After graduating from college, Reis went into the family apparel business, which enabled him to travel extensively in Europe and frequently visit both New York and London. He quickly became a serious self-taught photographer, and his images were featured in numerous magazines and exhibits. For over fifty years, he has continued to photograph streetscapes in the United States and abroad. The result is a documentary record that captures the essence of everyday life and highlights the commonalities between different people and geographic locations. At the end of the day, the ordinary rituals of urban living are strikingly similar all over the world.

This exhibit focuses on photographs taken in New York and London over a ten-year period, mainly during the 1960s. At the time Reis was making many of these images, photography was witnessing a movement towards creating a documentary record of the everyday. In 1967, photo curator and historian John Szarkowski unveiled his influential exhibition New Documents at the Museum of Modern Art, featuring photographers Lee Friedlander, Diane Arbus, and Garry Winogrand. Like Reis, these photographers were interested in the art of observing and documenting the commonplace—the extraordinary within the ordinary. Szarkowski wrote in his introduction to the exhibit, “Their aim has not been to reform life but to know it, not to persuade but to understand.” Likewise, Reis trained his lens on the ordinary people and events around him, in order to more deeply know and understand them.

The Ronald Reis Photographs collection is preserved in the Archive of Documentary Arts in the David M. Rubenstein Rare Book & Manuscript Library, and the collection has been digitized and is available in the Duke University Libraries Digital Collections.

Post contributed by Kirston Johnson, Curator, Archive of Documentary Arts.

 

In the Lab: The Mad Dog, or, Take Care of Yourself

This delightful manuscript item came to conservation for some minor repairs and housing.  It is an eighteenth-century card game with a sheet of instructions describing itself as “The Mad Dog, or Take Care of Yourself: A Company Play with coloured Plates on 12 Cards in a Paper Case.”

The faces of the cards are delightfully hand-drawn and painted in watercolors.  The instructions describe them thus:

To this play belong 6 principal Cards and a few vacant ones, the latter distinguished only by 2 different colours….  The objects represent:  1. The Courthouse, 2. The Police Officer, 3. The Hunter, 4. The Physician, 5. A man bit by a mad dog and 6. The mad dog itself, represented exactly with all the symptoms of madness.

Cards and instructions for "The Mad Dog," ca. late 1700s.
Cards and instructions for “The Mad Dog,” ca. late 1700s.

The game consists of a person bit by a dog making a complaint to the court, asking for monetary restitution and seeking to have the dog killed, either by the police officer, the hunter, or the physician, all with various fines and rewards.  The winner seems to be the person who ends up with the most money.

mad dog - box beforeblogThe cards and instruction page were in good condition, having only a few minor tears, but the little box was in a poorer state.  It had split at the seams, and at some point in its history someone with good intentions had neatly sewn it together with thread (which I like much better than tape)!  It was interesting to peek inside and see that the box was made of discarded print and manuscript papers layered together.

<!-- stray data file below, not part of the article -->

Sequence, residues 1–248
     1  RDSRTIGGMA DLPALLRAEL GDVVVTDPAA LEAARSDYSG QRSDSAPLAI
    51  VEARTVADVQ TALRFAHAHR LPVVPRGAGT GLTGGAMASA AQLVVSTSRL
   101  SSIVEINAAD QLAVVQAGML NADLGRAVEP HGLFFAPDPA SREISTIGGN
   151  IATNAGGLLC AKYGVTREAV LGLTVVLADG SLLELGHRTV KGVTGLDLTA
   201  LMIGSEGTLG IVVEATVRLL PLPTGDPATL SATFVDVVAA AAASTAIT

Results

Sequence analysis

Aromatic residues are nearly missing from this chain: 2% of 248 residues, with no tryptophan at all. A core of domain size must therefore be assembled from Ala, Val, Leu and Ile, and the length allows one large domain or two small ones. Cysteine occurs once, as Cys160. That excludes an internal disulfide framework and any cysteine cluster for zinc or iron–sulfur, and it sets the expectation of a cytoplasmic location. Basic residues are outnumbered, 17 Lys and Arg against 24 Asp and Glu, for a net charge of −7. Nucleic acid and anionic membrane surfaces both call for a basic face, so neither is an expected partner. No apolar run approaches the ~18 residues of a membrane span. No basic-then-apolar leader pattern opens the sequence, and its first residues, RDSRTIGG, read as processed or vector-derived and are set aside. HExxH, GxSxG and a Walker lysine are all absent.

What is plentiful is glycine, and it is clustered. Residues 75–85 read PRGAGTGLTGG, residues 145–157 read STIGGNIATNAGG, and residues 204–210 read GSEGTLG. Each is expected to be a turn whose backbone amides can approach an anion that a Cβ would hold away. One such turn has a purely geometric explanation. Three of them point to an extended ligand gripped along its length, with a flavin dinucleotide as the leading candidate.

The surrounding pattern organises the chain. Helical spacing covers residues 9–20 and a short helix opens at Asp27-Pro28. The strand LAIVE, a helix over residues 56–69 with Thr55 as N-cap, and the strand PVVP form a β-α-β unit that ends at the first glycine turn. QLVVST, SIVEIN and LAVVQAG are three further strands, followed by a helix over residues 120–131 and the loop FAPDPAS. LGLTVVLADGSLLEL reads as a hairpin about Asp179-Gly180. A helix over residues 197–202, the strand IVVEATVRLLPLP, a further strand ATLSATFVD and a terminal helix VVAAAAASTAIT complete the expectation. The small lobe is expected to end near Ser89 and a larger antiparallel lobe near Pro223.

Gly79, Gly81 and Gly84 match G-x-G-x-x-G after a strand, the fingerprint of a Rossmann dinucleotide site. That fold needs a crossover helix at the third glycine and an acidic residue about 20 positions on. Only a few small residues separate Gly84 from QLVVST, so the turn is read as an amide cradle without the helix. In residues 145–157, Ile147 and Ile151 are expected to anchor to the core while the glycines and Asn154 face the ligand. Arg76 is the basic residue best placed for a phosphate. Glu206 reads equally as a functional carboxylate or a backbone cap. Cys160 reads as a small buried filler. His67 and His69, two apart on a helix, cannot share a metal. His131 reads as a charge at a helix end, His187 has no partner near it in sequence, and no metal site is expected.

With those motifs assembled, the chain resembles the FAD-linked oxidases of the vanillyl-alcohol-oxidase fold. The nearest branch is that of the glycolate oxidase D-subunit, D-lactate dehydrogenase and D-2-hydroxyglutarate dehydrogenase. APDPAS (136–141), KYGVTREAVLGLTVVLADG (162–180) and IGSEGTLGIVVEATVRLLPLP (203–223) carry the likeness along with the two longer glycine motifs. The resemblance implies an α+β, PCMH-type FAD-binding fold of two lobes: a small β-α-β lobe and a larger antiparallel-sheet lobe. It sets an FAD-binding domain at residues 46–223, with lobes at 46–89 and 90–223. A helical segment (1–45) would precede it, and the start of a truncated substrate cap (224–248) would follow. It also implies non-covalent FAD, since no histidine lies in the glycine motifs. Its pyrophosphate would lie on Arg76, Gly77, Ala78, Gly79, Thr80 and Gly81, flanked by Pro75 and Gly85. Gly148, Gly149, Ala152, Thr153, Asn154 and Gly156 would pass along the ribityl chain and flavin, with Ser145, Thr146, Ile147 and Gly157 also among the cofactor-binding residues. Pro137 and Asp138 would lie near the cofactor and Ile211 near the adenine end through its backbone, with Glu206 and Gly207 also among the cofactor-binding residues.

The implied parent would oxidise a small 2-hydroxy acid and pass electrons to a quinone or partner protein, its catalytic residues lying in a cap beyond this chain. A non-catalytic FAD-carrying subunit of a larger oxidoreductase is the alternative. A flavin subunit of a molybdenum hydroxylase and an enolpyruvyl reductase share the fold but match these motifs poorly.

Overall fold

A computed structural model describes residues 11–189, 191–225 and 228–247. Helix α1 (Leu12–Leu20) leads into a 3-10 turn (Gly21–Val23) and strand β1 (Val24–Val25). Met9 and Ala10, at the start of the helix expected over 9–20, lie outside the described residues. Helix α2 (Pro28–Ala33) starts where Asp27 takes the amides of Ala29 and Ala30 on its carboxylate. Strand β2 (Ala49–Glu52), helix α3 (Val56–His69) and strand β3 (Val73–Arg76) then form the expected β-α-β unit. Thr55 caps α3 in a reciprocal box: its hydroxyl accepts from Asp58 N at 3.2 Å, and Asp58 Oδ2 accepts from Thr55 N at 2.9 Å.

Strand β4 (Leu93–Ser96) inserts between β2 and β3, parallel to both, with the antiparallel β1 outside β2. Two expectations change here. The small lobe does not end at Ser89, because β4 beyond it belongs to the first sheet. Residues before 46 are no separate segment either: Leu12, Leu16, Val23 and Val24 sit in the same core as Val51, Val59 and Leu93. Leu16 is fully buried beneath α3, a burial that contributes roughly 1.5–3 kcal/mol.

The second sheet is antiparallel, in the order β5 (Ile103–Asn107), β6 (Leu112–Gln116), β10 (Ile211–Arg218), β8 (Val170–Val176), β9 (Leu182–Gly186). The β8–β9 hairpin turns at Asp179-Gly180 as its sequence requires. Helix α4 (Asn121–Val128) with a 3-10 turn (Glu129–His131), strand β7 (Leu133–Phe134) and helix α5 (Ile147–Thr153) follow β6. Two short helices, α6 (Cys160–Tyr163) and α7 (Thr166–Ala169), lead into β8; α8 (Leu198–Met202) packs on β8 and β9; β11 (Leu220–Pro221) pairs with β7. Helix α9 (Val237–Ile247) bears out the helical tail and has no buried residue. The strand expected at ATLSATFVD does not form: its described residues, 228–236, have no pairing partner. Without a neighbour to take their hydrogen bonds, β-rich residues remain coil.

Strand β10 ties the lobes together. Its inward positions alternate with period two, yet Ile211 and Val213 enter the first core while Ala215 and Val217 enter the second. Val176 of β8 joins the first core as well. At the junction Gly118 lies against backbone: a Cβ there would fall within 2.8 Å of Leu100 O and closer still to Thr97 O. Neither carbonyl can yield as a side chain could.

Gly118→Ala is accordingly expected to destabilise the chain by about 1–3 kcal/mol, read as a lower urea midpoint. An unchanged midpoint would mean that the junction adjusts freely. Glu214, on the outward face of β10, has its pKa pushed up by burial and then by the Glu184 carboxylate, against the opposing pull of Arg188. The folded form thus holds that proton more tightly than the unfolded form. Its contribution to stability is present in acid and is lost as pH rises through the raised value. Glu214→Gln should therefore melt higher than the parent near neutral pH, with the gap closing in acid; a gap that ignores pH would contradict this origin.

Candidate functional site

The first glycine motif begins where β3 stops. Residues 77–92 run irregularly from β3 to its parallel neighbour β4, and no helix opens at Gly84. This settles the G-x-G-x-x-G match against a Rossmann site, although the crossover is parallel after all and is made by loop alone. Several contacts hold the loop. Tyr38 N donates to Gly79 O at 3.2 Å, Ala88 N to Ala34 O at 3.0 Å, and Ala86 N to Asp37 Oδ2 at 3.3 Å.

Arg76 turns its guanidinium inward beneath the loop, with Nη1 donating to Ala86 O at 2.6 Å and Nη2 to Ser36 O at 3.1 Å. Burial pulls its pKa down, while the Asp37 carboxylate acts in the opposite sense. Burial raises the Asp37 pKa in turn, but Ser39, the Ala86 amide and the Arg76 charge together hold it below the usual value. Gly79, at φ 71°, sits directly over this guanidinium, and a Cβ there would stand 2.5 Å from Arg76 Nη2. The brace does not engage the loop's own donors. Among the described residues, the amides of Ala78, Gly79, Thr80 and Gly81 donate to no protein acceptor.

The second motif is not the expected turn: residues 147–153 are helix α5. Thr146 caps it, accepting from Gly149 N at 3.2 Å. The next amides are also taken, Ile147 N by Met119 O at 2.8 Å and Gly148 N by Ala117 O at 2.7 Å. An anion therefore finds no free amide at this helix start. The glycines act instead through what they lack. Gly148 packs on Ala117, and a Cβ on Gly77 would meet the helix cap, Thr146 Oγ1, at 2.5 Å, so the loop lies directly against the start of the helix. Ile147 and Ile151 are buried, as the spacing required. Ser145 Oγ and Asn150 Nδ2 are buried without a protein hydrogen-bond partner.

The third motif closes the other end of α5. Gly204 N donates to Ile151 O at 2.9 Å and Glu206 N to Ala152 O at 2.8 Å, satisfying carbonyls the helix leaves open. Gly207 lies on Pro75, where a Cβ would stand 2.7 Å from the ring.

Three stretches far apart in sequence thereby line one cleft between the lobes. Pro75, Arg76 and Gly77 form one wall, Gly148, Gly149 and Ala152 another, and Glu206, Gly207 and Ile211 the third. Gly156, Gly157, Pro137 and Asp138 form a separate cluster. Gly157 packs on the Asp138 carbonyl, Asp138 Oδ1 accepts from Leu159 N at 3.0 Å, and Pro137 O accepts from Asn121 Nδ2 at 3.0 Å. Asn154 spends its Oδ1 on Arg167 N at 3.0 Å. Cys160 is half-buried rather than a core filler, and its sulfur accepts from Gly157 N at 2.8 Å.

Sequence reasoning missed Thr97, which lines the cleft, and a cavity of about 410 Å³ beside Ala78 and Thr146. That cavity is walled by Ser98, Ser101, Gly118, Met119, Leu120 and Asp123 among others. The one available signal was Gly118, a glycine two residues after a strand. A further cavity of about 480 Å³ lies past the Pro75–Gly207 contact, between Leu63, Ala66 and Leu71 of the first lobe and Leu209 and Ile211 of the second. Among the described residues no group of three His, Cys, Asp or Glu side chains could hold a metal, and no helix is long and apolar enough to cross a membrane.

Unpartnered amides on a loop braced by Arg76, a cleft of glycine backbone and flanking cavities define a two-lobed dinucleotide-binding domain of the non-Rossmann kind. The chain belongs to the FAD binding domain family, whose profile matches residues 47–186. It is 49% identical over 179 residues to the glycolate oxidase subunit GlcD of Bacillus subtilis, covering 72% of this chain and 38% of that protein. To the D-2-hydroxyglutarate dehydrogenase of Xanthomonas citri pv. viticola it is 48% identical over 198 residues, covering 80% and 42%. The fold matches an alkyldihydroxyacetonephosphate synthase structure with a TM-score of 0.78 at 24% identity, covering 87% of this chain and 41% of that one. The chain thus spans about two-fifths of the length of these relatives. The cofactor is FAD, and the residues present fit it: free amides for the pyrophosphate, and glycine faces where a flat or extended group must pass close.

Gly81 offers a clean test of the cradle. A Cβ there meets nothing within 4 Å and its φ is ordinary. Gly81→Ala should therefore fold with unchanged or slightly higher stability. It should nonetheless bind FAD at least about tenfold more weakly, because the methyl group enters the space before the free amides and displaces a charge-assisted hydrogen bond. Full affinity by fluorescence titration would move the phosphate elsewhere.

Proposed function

I removed the threads and hinged the broken sides back together, mended the instruction page, and provided a polyester “sling” for the cards to slide in and out of the box without abrasion.  Then I made a thick new folder to house the case in a recessed opening and the instructions in a polyester sleeve.  The folder will go back into the manuscript box it came from.  This was such a fun little project!

mad dog - folderblog

Post contributed by Grace White, Conservator for Special Collections, as part of our ongoing “In the Conservation Lab” series.

Investigating CORE in the Duke Student Union Records

For the last several months, I have been processing the collection of the Duke University Union for the Duke Archives.  The collection contains a wide variety of records and information: want to know how many people were injured during the Grateful Dead concert at Duke?  Check the Union records!  Interested in a local artist that showed her work at Duke in the 1970s?  The Union records are the place to be!  But the subject of this blog post involves this curious, unsigned letter that I found in the records:

Unsigned letter about CORE, November 7, 1963. From the Duke University Union Records.
Unsigned letter about CORE, November 7, 1963. From the Duke University Union Records.

CORE, the Congress of Racial Equality, was an interracial civil rights organization that, according to its website, began as “a nonhierarchical, decentralized organization funded entirely by the voluntary contributions of its members.” By the early 1960s, chapters and projects existed in many states and were self-funded and self-led.

The early 1960s were a pivotal time for CORE chapters, particularly those throughout the south. 1960, of course, saw the Greensboro sit-ins, and CORE was instrumental in formulating responses throughout the region. In 1961, CORE chapters, the Student Non-Violent Coordinating Committee (SNCC), and other civil rights organizations both participated in and organized “Freedom Rides”  throughout the segregated south in order to desegregate interstate travel. And during 1964’s Freedom Summer, CORE members James Chaney, Andrew Goldman, and Michael Schwerner were murdered in the infamous “Mississippi Burning” case.